Even young people prefer the physical shopping experience. A global survey by CBRE Group Inc. has shown that 70% of millennials prefer shopping in stores, which is surprising considering that their demographic spends an average of 7.5 hours a day online.

A few years ago, smart ecommerce retailers started to notice this gap in the online shopping experience.

Starting in 2011 with men’s fashion retailer Bonobos, a number of highly successful online startups such as Warby Parker, Harry’s, and Modcloth opened retail storefronts that cater to this market. They allow customers to view and try on products in person, while distributing inventory directly from their warehouses.

Despite having success in the online-only market, Bonobos founder Andy Dunn identified the “online vs. offline conundrum” as an impediment to company growth.

After repeated requests from customers and a successful trial in their New York office, Bonobos opened the Guide Shop, where customers could try on their wares, place an order online, and have their purchased goods delivered the very next day. The first shop was so successful that Bonobos currently operates over 20 storefronts, with plans to expand to over 100 by 2020.

Warby Parker initially found success by offering cheap and fashionable eyewear in a direct-to-consumer commerce model. They opened their first physical storefront in 2013, and within a year had eight stores that were amongst the most profitable in the country. Warby Parker currently operates nearly 40 stores, and co-founder Neil Blumenthal expects to expand to hundreds or even thousands. Casper, the online direct to consumer mattress darling, also recently made plans to open up to 200 stores.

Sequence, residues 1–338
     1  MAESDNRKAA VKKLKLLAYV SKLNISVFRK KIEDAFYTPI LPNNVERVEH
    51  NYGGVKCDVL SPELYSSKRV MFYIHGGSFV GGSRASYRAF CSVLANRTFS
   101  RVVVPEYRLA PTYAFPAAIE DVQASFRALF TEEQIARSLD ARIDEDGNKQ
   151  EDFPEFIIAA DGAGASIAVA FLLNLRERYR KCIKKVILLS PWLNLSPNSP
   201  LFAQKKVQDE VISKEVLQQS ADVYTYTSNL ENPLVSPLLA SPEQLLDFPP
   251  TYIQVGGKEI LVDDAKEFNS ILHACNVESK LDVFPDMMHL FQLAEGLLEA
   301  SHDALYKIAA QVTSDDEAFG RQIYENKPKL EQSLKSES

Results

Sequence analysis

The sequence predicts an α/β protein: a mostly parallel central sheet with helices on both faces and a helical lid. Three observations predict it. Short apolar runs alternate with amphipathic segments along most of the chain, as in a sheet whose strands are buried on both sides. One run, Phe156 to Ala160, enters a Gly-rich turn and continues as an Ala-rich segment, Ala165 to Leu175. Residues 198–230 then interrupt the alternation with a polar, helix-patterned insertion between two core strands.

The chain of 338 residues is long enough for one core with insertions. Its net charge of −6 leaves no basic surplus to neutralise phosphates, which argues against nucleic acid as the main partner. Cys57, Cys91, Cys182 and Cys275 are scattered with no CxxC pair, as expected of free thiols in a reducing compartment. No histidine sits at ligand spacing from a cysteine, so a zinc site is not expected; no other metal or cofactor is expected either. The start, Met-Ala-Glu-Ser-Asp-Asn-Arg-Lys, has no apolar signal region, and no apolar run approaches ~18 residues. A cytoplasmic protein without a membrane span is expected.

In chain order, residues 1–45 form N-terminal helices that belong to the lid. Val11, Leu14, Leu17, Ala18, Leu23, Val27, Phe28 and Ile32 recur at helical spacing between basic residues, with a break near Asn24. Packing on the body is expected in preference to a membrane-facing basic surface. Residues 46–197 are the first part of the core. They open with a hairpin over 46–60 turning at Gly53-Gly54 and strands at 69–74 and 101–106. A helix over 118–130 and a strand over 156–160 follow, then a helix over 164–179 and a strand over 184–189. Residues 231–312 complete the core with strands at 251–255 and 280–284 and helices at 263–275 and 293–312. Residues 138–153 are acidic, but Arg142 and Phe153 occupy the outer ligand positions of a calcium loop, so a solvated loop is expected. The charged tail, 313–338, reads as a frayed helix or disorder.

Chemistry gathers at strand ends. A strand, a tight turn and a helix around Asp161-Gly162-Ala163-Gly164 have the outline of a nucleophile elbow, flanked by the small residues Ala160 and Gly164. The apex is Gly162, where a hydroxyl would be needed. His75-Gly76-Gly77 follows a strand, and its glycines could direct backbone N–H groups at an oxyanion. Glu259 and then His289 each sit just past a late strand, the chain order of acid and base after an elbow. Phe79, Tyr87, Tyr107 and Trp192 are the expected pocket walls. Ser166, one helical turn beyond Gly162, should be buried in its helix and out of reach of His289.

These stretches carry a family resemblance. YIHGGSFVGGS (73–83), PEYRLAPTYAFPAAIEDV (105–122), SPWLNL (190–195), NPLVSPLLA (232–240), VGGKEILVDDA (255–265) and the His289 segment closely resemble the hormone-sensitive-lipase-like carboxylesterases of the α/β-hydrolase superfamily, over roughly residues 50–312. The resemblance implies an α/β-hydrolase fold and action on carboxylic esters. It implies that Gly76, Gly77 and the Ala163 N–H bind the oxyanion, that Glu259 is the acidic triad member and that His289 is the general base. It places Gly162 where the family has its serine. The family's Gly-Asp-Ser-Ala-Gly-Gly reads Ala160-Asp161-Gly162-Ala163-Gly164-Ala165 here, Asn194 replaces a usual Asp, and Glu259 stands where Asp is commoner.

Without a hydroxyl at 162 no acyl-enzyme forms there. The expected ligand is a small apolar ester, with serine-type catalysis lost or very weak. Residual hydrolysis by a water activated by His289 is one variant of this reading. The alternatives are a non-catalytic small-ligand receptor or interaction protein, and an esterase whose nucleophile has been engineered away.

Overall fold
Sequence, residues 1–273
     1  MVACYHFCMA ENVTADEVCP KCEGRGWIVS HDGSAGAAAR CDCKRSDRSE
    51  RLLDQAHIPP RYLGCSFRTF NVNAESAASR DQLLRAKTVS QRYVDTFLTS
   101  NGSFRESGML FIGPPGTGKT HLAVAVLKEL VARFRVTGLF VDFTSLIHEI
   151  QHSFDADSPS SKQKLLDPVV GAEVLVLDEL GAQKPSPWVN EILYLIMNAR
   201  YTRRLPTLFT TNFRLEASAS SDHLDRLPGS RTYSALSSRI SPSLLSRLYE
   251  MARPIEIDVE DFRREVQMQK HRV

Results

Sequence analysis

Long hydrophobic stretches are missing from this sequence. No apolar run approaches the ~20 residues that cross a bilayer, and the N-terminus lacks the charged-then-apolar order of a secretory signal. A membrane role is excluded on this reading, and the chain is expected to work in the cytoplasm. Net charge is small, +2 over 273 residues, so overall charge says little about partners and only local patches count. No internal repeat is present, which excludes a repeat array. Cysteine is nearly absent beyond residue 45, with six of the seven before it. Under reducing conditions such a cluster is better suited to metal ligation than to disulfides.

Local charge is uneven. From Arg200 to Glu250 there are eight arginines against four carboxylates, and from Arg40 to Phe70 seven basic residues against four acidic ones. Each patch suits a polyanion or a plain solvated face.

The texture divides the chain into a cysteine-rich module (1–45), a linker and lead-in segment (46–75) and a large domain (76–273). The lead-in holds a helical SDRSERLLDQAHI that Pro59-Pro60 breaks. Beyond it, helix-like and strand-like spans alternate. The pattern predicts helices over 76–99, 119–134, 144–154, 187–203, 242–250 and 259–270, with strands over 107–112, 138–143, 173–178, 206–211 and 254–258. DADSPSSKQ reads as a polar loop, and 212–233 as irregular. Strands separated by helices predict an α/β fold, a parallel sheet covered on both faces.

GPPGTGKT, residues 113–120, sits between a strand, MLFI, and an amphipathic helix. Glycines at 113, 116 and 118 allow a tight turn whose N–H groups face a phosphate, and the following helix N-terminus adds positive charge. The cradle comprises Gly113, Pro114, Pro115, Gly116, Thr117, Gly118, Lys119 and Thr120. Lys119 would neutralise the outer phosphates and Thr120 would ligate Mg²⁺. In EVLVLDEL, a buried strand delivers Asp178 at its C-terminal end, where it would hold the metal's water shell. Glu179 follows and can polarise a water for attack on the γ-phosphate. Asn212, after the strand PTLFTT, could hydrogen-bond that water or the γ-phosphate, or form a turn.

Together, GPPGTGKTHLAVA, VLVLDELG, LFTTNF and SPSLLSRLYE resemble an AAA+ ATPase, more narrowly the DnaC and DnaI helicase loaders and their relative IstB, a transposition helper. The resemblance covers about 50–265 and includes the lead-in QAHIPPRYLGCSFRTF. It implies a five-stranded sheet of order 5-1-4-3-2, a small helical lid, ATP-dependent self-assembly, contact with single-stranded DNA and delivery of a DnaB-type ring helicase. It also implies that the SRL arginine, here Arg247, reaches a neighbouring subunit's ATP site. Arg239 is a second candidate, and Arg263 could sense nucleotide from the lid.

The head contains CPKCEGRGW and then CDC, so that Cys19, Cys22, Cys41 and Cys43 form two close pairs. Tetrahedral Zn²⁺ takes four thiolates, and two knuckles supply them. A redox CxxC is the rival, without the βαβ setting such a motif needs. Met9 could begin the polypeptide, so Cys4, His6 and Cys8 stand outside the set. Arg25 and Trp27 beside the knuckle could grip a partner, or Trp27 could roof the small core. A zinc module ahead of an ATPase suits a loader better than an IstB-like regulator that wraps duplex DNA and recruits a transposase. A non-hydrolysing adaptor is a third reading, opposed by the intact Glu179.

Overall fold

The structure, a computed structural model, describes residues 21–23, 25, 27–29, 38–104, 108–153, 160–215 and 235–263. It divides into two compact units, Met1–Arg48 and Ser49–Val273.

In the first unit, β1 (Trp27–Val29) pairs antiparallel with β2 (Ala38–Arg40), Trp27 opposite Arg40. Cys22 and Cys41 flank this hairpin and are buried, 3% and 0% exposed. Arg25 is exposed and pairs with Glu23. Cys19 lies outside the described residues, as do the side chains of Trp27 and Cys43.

What Does All this Mean?

Consumers want the convenience of online with the service of physical retail. Opening up your own stores across the country is expensive and difficult to execute. The next best route to control the customer experience and journey is to partner with like minded existing in market retailers online and offline to grow your sales together.

Going Beyond Click-And-Collect Shopping

The convenience of click-and-collect shopping has made it one of the retail industry’s biggest trends in last few years. In early 2016, it was reported that 72% of consumers were making use of click and collect services.

Being able to order online and pick up an item in-store is not only convenient, it helps fulfill our need for instant gratification and service bringing comfort to making a transaction. In a world where the latest movies are available on demand, and personal taxis can be called to our location within minutes, the ability to get things when we want them and how we want them is now considered the norm.

For manufacturers of retail brands, click-and-collect is a chance to convert online customers for your offline retailers. This demonstrating demand for your products, helps dealers better allocate showroom floor space and your products to their market, and builds dealer loyalty.

Final Thoughts on O2O Commerce

There are numerous opportunities for retailers to combine online and offline commerce into a complimentary shopping experience that keeps customers satisfied and increase profits.

And if companies like Amazon and Alibaba consider O2O commerce to be the next step in their ecommerce development, you can be sure that it will be good for the development of your business as well.

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O2O Commerce: Conquering Online-to-Offline Retail